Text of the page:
There’s a rough sketch pinned to the drawing table, a magnifying glass mounted alongside it. Art pencils, an eraser, a draftsman’s triangle, and careless pencil shavings litter the cabinet top beside the table. A pair of thick glasses are lying amidst the pile. Across the room on the conference table, there are three models in various stages of finishedness. Art markers in various blues lie all over the table between and on top of opened reference books and doodled-on legal pads. Another pair of glasses is discarded in the corner. A pair of shoes appears to have been kicked off under the table, a cardigan is draped over one of the chairs.
An artist . . . Museum Arts’s chief artist has been here. Most days he was hunched over the drawing table or one of the models, glasses askew on his gentle face, a pencil in his teeth. He often smiled to himself as he worked. He rarely spoke while creating.
The walls are covered with his 3-D models from years gone by. They hang beside watercolors, sketches, puppets he created. Specs from past jobs fill notebooks lining the shelves. He’d been at this a long time.
Founder of Museum Arts, commercial artist Charles Paramore specialized in the design and production of museum concepts and exhibits. For forty years or so his primary professional goal was to preserve and share important lessons from history. He liked to say some of the lessons were more important than others. But he made every client feel as if his or her message was the most important in the world. Most were left breathless when they saw the finished product.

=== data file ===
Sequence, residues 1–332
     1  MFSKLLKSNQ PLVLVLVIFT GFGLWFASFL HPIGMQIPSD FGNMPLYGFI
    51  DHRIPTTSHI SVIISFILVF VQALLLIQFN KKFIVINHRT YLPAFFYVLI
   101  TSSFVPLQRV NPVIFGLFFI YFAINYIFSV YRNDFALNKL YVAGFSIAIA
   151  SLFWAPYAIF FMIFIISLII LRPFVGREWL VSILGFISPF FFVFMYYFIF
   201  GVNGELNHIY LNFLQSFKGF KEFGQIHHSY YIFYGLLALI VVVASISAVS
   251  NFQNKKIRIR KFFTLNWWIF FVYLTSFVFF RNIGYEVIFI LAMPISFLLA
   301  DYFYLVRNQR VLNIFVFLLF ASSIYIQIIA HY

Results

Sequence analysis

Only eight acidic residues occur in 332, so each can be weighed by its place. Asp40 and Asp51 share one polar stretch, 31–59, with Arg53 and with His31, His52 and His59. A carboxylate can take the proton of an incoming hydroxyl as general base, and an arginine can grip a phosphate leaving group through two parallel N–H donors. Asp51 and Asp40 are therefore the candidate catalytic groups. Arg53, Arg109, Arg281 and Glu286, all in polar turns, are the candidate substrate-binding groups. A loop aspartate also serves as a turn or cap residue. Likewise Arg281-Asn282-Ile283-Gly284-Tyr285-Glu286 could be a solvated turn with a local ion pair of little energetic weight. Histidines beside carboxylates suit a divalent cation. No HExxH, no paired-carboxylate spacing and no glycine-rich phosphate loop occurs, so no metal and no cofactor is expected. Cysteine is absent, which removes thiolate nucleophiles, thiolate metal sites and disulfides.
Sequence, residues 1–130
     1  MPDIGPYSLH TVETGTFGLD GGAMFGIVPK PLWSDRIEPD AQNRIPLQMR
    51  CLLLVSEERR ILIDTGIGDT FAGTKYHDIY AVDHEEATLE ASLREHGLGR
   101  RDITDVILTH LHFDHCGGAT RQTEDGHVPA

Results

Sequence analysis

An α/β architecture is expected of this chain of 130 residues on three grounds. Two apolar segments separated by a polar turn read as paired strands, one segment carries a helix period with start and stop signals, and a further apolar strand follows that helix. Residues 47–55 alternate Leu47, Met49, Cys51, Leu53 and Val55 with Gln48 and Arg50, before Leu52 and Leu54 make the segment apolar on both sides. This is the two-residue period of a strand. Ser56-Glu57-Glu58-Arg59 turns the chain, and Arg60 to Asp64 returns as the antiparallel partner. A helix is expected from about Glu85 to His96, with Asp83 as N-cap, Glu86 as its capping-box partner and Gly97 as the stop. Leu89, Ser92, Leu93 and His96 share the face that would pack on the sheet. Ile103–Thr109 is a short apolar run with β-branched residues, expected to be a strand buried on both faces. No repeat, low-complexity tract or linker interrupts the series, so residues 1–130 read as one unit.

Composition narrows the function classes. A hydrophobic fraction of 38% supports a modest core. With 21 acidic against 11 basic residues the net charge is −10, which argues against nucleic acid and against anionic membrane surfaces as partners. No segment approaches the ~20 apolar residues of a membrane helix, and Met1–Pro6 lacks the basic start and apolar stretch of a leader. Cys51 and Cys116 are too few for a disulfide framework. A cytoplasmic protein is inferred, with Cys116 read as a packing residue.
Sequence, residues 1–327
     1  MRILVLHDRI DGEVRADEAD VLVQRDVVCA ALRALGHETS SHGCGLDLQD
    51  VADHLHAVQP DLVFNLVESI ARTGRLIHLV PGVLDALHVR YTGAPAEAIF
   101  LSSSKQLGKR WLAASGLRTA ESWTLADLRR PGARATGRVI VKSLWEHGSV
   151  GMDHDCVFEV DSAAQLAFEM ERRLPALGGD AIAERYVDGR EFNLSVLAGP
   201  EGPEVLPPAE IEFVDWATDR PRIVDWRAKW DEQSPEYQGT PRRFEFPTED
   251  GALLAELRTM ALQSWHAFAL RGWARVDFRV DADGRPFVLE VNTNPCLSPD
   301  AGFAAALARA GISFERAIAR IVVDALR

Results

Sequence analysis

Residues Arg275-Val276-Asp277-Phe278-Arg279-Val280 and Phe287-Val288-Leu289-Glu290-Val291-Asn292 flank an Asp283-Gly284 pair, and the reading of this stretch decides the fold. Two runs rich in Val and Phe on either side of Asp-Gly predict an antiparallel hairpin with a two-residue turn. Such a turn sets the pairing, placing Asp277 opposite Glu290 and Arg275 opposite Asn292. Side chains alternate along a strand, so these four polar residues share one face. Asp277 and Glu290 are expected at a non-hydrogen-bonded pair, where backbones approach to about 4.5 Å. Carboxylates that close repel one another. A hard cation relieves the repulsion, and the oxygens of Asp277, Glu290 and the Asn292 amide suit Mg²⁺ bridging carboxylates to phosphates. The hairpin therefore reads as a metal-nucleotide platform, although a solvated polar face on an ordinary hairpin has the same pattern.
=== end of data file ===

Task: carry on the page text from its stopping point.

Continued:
Charles also shared his own important lessons in creative design with a team of passionate artists and craftsmen, training up a whole team to create experiences that leave life-long impressions. Over the years, those who worked alongside him found their skills grow into next-level capabilities.
Yet, even with all those lessons and messages he stewarded and passed on as an adult, he felt a lesson he learned as a child was the most life changing. He’d had a fascination with the order of the universe and had come to the conclusion that there was undoubtedly a Creator Who loved the world so much that He sent His son Jesus to die for the sins of man. He committed his life to this God and said, “The one great lesson I wish to preserve for all mankind is the good news of a God who has the power to save sinful men from eternal destruction.” He spent much of his time away from Museum Arts utilizing his artistic talent to bring that message to others.
One day just before last Thanksgiving, Charles went home from work not feeling so well. He’d been battling cancer for years; it finally caught up with him. He died a few weeks later and passed into the loving arms of the God he loved so dearly. He was 84.